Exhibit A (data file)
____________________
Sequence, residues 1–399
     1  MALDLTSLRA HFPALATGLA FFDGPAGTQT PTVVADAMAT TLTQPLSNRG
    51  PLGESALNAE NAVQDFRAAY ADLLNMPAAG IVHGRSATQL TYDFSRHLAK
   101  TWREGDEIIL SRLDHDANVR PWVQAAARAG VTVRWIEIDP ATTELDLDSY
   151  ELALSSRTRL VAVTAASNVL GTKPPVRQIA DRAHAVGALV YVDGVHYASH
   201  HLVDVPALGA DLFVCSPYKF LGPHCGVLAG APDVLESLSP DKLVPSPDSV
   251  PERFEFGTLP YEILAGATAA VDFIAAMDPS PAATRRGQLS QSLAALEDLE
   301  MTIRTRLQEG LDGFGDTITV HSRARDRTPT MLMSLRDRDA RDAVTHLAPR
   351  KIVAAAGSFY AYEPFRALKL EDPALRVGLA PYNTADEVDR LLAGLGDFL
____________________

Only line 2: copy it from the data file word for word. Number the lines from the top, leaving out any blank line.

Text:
     1  MALDLTSLRA HFPALATGLA FFDGPAGTQT PTVVADAMAT TLTQPLSNRG